It’s never been fashionable to like Coronation Street.
Lots of people I know would never admit to watching it and will always be sniffy about it if it comes up in conversation, before betraying themselves with extensive knowledge of the storylines. I’ve got no such hang ups. I’ve been Corrie-out for years now and it’s very liberating.
I’ve been glued to the soap since the big hair days of Elsie Tanner and Bet Lynch. As a kid, I’d watch it with my mum, any subtlety concerning sexual shenanigans going right over my head, but guaranteed a big pay off of an annual punch up between Ken Barlow and Mike Baldwin. Invariably, this was over an exposé in the Weatherfield Recorder, causing our resident cockernee to issue his regular, finger wagging threat.
“You print anyfin’ baht me in that raaaaaag of yours, there’ll be twabble, Barlow!”
The thing that differentiates Corrie from any of the competition is that it never takes itself too seriously. Despite dealing with heavyweight issues like murder, adultery and the goings on at the Red Rec, there are always a few laughs to be had. The cleverness of the writing means that the two worlds blend well, unlike Eastenders where you’ve got incestuous murderers or panto characters like Minty trying to mix with each other like oil and water.
As well as just enjoying the Strasse for its longevity and cherished place at the heart of British culture, I love spotting the ever present inaccuracies and general strangeness on display. These are things that would be met with a furrowed brow in real life but are readily accepted within the soap, with tacit complicity between the cast, crew and watching millions. Things like:
• If Coronation Street is terraced and Ken and Deirdre live next door to the Rovers, why doesn’t someone attempting to use the pub toilets emerge in Ken’s kitchen?
• When having conversations, everyone sits well within breath smelling distance of each other.
• There is never a request for anything brand specific. The Rovers is the only pub in Great Britain where a shout for a ‘pint’ isn’t met with the response, ‘of what?’ by the bar staff. The closest anyone ever came to narrowing things down a bit was when Mike Baldwin would ask Rita for a packet of, 'my usual cigars.'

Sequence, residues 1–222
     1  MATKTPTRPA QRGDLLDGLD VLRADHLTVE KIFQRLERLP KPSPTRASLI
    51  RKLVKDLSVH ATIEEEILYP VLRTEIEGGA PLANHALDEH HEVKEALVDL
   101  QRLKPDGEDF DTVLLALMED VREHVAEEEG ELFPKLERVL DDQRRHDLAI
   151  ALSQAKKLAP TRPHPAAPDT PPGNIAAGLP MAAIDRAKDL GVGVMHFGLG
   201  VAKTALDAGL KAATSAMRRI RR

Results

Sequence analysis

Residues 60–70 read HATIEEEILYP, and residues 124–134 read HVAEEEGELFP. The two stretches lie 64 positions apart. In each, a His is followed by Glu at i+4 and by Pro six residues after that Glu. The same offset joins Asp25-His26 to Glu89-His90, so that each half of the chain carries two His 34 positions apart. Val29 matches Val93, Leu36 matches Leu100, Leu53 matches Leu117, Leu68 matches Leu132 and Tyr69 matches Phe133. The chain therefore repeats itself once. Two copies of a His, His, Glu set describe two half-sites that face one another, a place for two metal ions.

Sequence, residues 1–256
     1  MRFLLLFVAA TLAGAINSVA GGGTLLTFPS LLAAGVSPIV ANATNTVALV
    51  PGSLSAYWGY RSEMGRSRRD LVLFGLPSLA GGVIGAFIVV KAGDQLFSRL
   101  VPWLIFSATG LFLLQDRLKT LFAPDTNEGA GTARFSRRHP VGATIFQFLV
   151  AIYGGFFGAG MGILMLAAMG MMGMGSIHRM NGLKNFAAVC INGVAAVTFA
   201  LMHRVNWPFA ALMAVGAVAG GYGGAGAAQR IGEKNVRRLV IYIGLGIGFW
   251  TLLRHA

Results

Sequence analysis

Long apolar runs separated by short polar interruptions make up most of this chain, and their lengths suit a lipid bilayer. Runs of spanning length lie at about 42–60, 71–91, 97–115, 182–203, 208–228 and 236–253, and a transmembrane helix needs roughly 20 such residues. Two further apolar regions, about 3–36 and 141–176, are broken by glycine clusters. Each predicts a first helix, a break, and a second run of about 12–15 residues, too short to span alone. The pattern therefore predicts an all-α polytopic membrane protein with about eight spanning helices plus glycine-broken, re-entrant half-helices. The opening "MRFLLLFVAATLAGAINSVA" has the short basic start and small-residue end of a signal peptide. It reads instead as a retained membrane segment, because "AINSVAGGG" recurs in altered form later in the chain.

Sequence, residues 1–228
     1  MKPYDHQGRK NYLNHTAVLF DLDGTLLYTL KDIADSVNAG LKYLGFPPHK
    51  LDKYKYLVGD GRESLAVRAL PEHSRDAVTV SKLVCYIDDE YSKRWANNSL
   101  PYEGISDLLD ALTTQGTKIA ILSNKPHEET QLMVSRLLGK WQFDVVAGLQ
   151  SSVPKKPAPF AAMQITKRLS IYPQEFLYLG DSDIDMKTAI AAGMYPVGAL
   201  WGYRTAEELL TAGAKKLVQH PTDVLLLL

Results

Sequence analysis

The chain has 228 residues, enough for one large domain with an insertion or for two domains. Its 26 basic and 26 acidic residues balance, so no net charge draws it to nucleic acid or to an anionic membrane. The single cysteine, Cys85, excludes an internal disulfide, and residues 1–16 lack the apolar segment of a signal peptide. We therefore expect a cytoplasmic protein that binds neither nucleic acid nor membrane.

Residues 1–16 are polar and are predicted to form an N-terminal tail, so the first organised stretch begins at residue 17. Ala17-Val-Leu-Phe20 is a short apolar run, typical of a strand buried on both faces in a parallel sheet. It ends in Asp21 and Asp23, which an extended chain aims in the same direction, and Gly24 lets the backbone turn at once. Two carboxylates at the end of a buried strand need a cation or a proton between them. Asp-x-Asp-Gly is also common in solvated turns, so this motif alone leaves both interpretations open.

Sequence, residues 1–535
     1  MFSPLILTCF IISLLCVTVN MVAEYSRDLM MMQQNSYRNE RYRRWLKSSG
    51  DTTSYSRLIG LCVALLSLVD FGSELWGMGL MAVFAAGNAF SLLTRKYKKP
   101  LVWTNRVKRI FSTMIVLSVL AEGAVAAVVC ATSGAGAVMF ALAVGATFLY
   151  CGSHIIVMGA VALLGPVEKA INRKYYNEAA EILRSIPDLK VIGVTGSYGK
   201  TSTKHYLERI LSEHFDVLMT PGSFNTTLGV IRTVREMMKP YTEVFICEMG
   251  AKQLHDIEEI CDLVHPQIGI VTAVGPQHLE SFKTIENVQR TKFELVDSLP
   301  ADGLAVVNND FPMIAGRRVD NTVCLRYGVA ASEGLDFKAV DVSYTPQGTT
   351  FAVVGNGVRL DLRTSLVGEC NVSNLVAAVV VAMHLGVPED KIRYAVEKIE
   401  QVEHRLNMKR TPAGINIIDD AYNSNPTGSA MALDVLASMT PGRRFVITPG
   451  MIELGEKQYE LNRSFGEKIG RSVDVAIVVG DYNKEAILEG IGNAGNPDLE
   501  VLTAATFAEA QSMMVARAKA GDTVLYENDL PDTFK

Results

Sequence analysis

• How the fuck has Weatherfield got a Crown Court?
• Why does everyone drink their brews from empty cups? Some of the less able actors find this difficult to cope with and tend to oversup, then chew whatever their pretending to have in their mouths.
•Why are all affairs or clandestine business affairs conducted at the bar of the Rovers, usually within clear earshot of the victim or cuckolded husband/wife?
• How does a street containing a handful of houses sustain two shops selling broadly similar goods, Dev's and Rita's, when their only customers are their immediate neighbours?
The recent arrival of Sky Plus has allowed me to spot and rewind the occasional continuity errors, like pints of beer consumed in record time or hairstyles changing within the space of a sentence.
The peak example of ours and the cast's ability to turn a blind eye to inaccuracies, is the collective amnesia demonstrated about past plot lines. This allows murderers/robbers/ex-wifes/hated former partners/spurned lovers to all share communal space without recourse to immediate brawling. The character who sums this up perfectly is Gail. Never one to keep her own counsel and as judgmental as fuck, I find it impossible not to comment when she’s lecturing someone with a moral superiority she has no right to claim. A brief scan of her past should mean that the instant response she should be given by anyone she’s looking down on is:
“Jesus, Mary and Joseph, Gail! You’ve got a bit of a nerve. You’ve been married four times, once to a serial killer. Only one of your husbands has survived marriage to you. You carried out a five year feud with your mother in law. You’ve been divorced twice. Your daughter got knocked up when she was thirteen. You’ve had punch ups in the middle of the street with Eileen Grimshaw and the Barlows, mother and daughter. You’ve had to attend parenting classes because David was such a gobshite at school. You were going to have your perfectly sane mother sectioned. You’ve been banged up on remand and when you finally managed to get a decent job you betrayed doctor/patient confidentiality and got sacked, so fuck off, right!!”
This speech is applicable to any character with more than two years service with the notable exception of Emily (though it is the opinion of some conspiracy theorists that she had some involvement in the murder of Ernie. They say that hers is the shadow at bottom right).
I never miss it. It has it’s occasional dips in form, but as the t-shirt I once spotted on Market Street, Manchester said.
“You can beat your meat, but you can’t beat the Street.”
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